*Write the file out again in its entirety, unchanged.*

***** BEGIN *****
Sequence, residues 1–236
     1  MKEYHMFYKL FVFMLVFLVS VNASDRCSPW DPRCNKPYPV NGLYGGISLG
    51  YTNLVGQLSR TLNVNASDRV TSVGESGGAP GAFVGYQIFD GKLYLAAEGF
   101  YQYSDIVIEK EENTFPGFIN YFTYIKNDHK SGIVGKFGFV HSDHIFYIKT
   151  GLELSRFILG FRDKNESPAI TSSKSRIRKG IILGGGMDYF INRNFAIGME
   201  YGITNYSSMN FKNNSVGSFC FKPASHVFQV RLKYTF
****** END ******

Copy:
Sequence, residues 1–236
     1  MKEYHMFYKL FVFMLVFLVS VNASDRCSPW DPRCNKPYPV NGLYGGISLG
    51  YTNLVGQLSR TLNVNASDRV TSVGESGGAP GAFVGYQIFD GKLYLAAEGF
   101  YQYSDIVIEK EENTFPGFIN YFTYIKNDHK SGIVGKFGFV HSDHIFYIKT
   151  GLELSRFILG FRDKNESPAI TSSKSRIRKG IILGGGMDYF INRNFAIGME
   201  YGITNYSSMN FKNNSVGSFC FKPASHVFQV RLKYTF